I once overheard someone saying that they don’t/can’t save money because they don’t think it matters. So, even if they have an extra $100 in their budget each month, they will just find a way to spend it because they don’t see the point of saving $100.

AHHH!

What?!

Seriously, put that extra $100 in the bank and save it. After one year you will have $1,200.

$1,200 is much better than ZERO DOLLARS.

 

You don’t have an emergency fund.

By not having an emergency fund, you may be causing yourself to have no money.

An emergency fund is something everyone should have. However, according to a report by Bankrate.com, 26% of Americans have no emergency fund whatsoever. This can impact a person negatively and leave them with no money for the times when they truly need it.

According to this same report, only 40% of families have enough in savings to cover three months of expenses, with an even lower percentage having the usually recommended six months worth of savings.

This is frightening to me, as having an emergency fund can greatly help a person get through tough parts in life.

Emergency funds are helpful in situations such as:

  • An emergency fund can help you if you lose your job. No matter how stable you think your job is, there is always a chance that something could happen when you will need money fast. What would you do if you lost your job and didn’t have an emergency fund?
  • An emergency fund is a good idea if you have a car. You just never know when it will need a repair.
  • An emergency fund is necessary if you own a home. One of the lucky things that homeowners often get to deal with is an unexpected home repair. Having an emergency fund can help you if your basement floods, if a hole in your roof forms, and more.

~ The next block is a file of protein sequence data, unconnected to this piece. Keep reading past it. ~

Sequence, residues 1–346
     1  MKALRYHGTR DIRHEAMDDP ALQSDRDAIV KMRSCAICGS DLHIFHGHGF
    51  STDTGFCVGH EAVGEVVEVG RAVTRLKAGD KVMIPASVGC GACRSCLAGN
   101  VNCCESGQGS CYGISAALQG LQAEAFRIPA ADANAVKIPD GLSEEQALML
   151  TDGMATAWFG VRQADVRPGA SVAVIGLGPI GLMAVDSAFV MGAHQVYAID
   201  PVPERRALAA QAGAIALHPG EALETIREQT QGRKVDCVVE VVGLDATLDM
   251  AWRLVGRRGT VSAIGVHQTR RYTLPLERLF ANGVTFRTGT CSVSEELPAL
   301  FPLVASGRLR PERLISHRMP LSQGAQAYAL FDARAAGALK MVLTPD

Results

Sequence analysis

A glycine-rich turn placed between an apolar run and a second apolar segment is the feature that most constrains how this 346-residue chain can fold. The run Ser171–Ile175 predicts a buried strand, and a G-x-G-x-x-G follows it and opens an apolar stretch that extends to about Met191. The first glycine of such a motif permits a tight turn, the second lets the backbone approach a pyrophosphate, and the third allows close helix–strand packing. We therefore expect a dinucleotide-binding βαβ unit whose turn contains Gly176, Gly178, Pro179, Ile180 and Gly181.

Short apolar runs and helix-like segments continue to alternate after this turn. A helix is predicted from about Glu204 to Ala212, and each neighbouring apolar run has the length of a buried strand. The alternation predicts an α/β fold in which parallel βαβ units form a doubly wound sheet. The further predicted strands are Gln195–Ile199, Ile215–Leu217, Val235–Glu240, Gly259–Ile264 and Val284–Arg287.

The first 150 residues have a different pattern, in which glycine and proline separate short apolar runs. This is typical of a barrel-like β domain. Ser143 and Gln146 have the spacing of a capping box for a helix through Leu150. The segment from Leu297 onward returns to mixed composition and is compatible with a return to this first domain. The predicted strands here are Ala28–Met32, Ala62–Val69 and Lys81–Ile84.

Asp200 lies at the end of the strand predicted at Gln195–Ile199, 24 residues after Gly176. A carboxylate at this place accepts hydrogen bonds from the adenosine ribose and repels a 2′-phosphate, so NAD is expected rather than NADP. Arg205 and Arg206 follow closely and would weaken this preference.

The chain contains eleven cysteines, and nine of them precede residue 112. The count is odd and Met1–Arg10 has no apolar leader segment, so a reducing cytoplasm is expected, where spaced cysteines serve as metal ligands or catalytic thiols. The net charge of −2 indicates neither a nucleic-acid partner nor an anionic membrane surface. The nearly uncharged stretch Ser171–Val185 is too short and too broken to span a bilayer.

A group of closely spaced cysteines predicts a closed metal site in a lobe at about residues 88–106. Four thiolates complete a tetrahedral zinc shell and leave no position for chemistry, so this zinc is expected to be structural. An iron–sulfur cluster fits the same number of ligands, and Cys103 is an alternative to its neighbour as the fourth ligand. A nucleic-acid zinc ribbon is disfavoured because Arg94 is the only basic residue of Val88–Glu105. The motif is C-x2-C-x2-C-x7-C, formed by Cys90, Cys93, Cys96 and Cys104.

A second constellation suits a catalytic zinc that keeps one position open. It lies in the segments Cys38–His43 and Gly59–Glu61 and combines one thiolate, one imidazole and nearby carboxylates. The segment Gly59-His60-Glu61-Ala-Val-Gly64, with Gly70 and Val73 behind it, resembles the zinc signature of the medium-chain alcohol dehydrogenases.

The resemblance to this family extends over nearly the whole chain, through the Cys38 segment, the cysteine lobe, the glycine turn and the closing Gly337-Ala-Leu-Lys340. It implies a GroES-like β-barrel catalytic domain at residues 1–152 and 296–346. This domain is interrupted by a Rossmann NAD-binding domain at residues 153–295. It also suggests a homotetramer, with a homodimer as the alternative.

• An emergency fund can protect you in many other areas as well. This includes medical costs for you or your pet, needing to take time off of work, wanting to visit a sick loved one or friend, and so on. The list of reasons for why you might need an emergency fund can be long.

Learn more about this at Everything You Need To Know About Emergency Funds.

 

You don’t make enough money, so you have no money.

The final reason for why you have no money is because you don’t earn enough of it.

No, there is not one number that fits all.

However, if your expenses are higher than your income, then you are simply not making enough money.

It’s as simple as that.

You either need to make more money or cut back on your expenses. You will never save money if your expenses are higher than your income. I know that this is easier said than done, but something will have to change if you want to improve your financial situation.

Time is money, if you use all your working hours on your day job, your income will not increase over time. You need to earn a passive income that will increase in the future and work for you.

There are many opportunities to earn passive money, for example with automated trading platforms that even keep trading for you while you’re asleep!

Plus, the average person watches over 30 hours of TV a week and spends over 10 hours on social media each week. By cutting out time wasters such as these, you may be able to find time to make extra money so that you can start saving more money.

You can learn about how to make more money at:

Do you know why you have no money? What are you doing so that you can change that?


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Michelle Schroeder-Gardner

Author: Michelle Schroeder-Gardner